Joy of Italian Cooking
By Heather Irwin
Italian grandmothers don't use cookbooks. Or so they'd like you to think.
For more than 50 years, The Silver Spoon Cookbook (or Il Cucchiaio d'Argento in Italian) has been the bible of Italian cooking how-to's, describing in detail how to make everything from risotto and spaghetti carbonara to potato gnocchi, minestrone and a personal favorite, Biscotti Bruitti ma Buoni (Ugly But Good Cookies). Like The Joy of Cooking in America, The Silver Spoon is the one cookbook every mother owned, every bride received for a wedding gift and every nona kept hidden away to consult in secrecy. And you thought Italians were just naturally good cooks.
In fact, they are. In the first English translation of the cookbook (Phaidon Press; $39.95), the authors had to do a lot of reworking of the recipes to fit the slightly lower kitchen confidence of American cooks. Turns out we need a lot more hand-holding than our Italian counterparts when it comes to describing exactly what to do. So recipes were reorganized to show more detailed cooking and preparation instructions and clearer ingredient lists that used mostly readily available supermarket foods, though in general recipes were left intact.
At a hefty three pounds or so (my kitchen scale tops out at 24 ounces), The Silver Spoon is a monster of a cookbook filled with more than 2,000 recipes. The book is separated into recognizable sections: fish, sauces and vegetables, as well as a few less-familiar names—variety meats, frittata and a whole section merely entitled "first courses," which covers everything from soup to pasta.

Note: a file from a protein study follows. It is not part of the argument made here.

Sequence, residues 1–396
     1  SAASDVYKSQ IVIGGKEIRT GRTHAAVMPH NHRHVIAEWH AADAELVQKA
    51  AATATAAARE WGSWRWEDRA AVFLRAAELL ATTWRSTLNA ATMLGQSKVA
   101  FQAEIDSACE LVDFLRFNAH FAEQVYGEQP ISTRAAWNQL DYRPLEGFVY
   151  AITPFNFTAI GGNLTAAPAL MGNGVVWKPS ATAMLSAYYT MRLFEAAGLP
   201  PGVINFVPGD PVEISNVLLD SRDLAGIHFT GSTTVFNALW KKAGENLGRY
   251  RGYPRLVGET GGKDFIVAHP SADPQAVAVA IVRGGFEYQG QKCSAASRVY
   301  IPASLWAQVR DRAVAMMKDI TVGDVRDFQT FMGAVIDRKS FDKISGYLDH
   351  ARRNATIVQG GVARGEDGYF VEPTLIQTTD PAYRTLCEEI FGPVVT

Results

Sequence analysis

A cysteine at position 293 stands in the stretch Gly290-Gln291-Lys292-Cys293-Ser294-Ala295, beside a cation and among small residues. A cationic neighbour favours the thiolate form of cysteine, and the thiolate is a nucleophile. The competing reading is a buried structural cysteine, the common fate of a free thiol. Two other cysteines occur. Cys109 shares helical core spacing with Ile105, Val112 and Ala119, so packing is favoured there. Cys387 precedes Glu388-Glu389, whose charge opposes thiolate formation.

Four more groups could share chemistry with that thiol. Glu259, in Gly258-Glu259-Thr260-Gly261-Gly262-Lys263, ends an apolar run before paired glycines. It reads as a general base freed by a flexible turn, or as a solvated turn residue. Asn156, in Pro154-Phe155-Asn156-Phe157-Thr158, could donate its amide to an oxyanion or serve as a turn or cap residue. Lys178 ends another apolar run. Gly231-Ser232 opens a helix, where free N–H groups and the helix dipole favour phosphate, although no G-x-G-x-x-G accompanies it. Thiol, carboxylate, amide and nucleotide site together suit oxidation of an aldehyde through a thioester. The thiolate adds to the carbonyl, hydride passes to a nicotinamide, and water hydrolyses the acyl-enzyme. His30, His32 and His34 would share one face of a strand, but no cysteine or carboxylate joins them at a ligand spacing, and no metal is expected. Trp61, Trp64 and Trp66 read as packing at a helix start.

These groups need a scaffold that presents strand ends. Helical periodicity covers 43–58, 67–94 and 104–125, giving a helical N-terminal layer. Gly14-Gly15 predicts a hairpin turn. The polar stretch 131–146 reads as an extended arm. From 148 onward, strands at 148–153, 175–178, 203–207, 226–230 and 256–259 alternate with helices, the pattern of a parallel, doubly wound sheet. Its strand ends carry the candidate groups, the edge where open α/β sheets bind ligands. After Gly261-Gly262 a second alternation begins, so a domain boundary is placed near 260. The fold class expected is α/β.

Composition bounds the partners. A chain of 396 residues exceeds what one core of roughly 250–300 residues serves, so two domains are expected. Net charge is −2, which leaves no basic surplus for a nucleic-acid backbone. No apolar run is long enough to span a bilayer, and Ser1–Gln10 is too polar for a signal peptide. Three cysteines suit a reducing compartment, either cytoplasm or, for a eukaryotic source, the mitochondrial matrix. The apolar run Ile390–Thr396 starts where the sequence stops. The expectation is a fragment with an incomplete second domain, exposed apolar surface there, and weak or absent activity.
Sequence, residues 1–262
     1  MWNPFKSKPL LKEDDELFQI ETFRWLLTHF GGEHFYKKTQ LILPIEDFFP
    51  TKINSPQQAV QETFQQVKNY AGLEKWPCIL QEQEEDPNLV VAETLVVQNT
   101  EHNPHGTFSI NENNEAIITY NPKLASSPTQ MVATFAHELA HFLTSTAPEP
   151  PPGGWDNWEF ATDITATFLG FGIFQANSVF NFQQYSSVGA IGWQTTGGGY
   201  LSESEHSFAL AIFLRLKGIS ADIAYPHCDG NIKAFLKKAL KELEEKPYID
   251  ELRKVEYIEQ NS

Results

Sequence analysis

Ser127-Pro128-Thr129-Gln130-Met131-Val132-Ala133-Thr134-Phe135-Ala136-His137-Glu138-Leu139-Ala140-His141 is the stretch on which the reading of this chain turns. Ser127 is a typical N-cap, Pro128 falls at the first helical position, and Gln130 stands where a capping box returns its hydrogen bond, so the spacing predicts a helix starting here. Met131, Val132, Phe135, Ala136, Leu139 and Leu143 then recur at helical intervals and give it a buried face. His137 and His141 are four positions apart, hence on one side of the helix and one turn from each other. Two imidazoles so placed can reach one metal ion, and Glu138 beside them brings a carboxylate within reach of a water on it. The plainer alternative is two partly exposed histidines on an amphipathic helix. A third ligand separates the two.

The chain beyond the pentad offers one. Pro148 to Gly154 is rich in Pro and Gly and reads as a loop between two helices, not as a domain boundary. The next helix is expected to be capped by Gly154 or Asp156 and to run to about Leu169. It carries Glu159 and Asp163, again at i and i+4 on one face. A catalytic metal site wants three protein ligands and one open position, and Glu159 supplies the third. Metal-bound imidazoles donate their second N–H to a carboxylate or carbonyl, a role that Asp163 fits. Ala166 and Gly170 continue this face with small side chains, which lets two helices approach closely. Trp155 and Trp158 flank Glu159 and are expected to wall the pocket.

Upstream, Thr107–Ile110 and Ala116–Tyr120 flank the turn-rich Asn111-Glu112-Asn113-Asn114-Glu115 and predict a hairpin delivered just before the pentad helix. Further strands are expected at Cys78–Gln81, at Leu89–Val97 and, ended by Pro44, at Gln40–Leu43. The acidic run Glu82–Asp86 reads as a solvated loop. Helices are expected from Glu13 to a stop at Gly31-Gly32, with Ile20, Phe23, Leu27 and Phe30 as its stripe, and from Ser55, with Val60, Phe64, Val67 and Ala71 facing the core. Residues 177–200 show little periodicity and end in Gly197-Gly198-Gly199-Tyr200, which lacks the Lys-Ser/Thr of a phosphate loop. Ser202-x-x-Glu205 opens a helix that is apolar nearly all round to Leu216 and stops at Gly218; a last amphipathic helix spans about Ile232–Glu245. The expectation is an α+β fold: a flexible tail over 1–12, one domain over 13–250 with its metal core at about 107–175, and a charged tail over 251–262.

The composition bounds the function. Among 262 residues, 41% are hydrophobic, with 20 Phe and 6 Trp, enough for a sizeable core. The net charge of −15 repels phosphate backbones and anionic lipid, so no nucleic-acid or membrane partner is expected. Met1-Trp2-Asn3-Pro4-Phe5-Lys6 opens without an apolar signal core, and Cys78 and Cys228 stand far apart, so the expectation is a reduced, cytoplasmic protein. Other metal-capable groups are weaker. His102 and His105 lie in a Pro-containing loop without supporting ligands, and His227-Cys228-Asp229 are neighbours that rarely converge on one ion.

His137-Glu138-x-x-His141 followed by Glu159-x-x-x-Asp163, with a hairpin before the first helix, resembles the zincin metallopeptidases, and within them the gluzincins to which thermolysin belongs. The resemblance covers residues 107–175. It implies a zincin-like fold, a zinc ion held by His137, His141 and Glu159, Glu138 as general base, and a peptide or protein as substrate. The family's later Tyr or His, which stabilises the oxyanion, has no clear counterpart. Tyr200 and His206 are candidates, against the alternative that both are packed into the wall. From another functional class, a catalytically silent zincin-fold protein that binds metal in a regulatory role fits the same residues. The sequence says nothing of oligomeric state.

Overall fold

According to the editors, this cookbook takes into account many of the traditional and historical Italian dishes from the North, South and everywhere in between, creating a sort of "official" guide to the foods of Italy. Among them, one of Italy's most imitated dishes, Spaghetti alla Carbonara—a hearty pasta sauce made with pancetta or bacon, eggs and cheese. In this case, the sauce does not use cream, though the addition has long been a source of debate.
2 tbsp. butter
generous 1/2 c. pancetta, diced (bacon is OK, too)
1 garlic clove
12 ounces spaghetti
2 eggs, beaten
1/2 c. Parmesan cheese, freshly grated
1/2 c. Romano cheese, freshly grated
salt and pepper
Melt butter in a pan, add the pancetta or bacon and garlic, and cook until the garlic turns brown. Remove and discard the garlic. Meanwhile, cook the spaghetti in a large pan of salted, boiling water until al dente, then drain and add the pancetta. Remove the pan from the heat, pour in the eggs, add half the Parmesan and half the Romano and season with pepper. Mix well so that the egg coats the pasta. Add the remaining cheese, mix again and serve.
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